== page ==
Three self-identified women with intersecting marginalized identities participated within the larger study. Pseudonyms were assigned to each participant in order to protect their identity. The participants were one Black woman (Leanne), one White transgender woman (Heather) and one White Middle Eastern woman (Hana). Drawing from their narratives, we have emphasized how their identities played a unique role in their workplace experiences in comparison to individuals without marginalized identities. We looked at the multiplicities beyond gender identities, contrary to previous literature.
Findings demonstrated that all three participants experienced disadvantages, feelings of isolation, and inauthenticity due to their gender minority status. Each participant noticed a lack of diversity in their workplaces, and they described the workplaces as mostly older White men. In terms of authenticity, the three participants described authentic experiences when the workplace culture allowed it, meaning when they were comfortable with who they were around. They each explained that they could be authentic when they were surrounded by people of similar backgrounds and interests. Each participant described instances where their marginalized identities were masked or toned down depending on the situation that they were in.
For Leanne, the intersection of race and gender identities caused both disadvantages and inauthenticity. Leanne felt that she was authentic because she didn’t separate her personal life from work, but she continued to describe instances of code switching, or inauthenticity, stating “the thing you have to separate is when you’re around a room of white people and you’ve got to turn on that switch.” She described various disadvantages due to her intersectionality, such as a lack of a network to get jobs, communication problems, sexual harassment and the need to be the one to speak out on racism/sexism.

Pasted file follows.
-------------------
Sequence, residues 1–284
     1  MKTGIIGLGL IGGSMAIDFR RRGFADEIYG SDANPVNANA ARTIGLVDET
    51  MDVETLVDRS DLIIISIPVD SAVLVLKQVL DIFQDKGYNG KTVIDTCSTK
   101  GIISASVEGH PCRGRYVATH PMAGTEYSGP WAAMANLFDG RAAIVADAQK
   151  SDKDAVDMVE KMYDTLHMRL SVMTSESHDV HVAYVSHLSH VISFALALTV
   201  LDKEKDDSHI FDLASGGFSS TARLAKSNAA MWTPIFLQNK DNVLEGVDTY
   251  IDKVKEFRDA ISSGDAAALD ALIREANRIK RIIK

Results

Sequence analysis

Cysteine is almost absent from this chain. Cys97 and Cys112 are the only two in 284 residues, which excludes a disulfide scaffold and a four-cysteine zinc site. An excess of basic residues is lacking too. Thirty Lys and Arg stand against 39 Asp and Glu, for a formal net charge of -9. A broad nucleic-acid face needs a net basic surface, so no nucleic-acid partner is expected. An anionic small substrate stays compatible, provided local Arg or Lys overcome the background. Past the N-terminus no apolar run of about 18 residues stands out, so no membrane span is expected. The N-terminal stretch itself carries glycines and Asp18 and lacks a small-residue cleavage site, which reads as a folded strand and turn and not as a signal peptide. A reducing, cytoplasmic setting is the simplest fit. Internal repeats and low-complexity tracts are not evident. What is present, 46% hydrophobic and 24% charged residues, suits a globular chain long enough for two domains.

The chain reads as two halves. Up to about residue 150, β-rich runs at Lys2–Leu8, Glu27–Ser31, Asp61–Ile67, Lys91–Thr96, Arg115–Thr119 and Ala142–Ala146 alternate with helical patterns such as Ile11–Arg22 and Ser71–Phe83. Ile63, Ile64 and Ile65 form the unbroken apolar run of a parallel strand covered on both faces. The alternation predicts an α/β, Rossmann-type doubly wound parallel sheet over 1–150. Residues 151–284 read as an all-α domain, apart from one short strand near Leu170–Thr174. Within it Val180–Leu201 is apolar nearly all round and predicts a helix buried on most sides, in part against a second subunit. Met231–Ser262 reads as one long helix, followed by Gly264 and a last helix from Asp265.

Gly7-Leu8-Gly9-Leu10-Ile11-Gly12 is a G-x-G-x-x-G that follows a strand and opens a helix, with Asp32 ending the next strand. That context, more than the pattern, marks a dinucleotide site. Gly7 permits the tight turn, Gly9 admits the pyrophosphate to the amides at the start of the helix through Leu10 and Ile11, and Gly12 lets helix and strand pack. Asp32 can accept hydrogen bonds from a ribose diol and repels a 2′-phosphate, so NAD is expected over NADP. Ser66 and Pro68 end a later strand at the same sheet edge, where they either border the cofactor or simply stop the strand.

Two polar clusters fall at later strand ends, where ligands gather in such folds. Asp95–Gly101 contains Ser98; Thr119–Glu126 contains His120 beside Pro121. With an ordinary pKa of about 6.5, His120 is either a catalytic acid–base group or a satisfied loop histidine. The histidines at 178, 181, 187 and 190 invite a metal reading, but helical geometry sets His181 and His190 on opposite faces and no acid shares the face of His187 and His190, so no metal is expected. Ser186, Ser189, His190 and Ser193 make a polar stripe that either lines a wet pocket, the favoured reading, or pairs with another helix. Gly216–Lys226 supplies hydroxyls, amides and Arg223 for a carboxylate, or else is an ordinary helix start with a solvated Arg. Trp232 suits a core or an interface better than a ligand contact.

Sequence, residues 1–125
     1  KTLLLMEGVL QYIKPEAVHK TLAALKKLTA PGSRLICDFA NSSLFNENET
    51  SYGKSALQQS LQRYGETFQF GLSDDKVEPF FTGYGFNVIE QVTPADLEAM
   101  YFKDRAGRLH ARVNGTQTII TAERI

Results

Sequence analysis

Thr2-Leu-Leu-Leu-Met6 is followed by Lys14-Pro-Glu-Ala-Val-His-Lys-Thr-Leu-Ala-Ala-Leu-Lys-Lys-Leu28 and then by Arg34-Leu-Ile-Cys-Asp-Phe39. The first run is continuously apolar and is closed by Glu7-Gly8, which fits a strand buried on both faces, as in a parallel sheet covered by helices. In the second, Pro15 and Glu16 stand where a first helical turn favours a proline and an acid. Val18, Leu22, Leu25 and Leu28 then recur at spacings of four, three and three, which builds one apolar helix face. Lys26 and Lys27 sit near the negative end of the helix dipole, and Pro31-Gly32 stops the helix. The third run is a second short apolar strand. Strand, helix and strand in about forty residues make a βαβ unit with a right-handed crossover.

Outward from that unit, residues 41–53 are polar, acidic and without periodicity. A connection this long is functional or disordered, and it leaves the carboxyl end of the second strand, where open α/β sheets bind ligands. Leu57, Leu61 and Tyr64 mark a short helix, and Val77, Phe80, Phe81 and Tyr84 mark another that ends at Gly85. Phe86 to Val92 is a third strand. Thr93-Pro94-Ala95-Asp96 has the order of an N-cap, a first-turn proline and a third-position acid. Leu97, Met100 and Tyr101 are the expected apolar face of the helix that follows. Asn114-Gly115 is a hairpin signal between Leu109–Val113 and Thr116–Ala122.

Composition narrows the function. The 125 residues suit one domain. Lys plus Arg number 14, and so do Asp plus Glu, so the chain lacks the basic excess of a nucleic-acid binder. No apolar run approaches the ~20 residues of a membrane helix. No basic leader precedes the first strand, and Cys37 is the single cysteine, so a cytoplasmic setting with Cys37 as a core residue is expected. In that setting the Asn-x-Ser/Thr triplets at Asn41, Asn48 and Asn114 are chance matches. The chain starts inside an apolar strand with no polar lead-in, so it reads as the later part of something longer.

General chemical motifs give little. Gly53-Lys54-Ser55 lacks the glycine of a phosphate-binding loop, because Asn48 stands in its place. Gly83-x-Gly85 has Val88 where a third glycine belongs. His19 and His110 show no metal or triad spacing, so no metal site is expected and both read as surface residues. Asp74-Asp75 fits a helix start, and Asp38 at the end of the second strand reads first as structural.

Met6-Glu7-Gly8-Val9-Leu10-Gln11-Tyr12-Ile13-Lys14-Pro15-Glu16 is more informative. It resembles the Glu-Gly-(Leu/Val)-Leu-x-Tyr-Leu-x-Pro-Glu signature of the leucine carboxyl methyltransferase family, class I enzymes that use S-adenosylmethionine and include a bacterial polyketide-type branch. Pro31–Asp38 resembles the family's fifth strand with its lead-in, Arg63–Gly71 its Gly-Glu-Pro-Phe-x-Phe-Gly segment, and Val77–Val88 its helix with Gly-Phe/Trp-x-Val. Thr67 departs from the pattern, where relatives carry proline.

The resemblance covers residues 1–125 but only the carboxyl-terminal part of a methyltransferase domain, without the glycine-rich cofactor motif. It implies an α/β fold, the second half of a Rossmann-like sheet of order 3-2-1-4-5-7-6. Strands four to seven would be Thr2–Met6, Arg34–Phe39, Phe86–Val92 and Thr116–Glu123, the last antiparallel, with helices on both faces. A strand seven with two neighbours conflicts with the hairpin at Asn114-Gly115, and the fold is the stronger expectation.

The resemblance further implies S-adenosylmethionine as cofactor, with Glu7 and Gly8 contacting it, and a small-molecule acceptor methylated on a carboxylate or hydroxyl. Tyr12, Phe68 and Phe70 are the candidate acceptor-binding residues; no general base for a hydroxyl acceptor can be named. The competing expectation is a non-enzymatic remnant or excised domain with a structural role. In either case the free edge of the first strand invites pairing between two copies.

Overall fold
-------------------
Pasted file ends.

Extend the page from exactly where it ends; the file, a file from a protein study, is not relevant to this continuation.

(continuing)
Heather’s transgender identity initially created disadvantages and inauthenticity in the workplace. Heather began her career in a company that prided themselves on being a “boys club.” This was prior to her transition, causing an internal battle of inauthenticity. There were instances of sexual harassment and battery which made her uncomfortable within this workplace. She described it, saying “everyone I worked with in the beginning was a bully.” She didn’t stand up to discrimination because she was young and afraid of losing her position. Eventually she was able to transition into herself, and she left her first workplace. Now that she is more senior within her career, she calls discrimination out. Within her new company Heather hides her transgender identity since “it is scary because you don’t know what people think.” Although she is comfortable inside and outside of the workplace, she keeps these two experiences separated.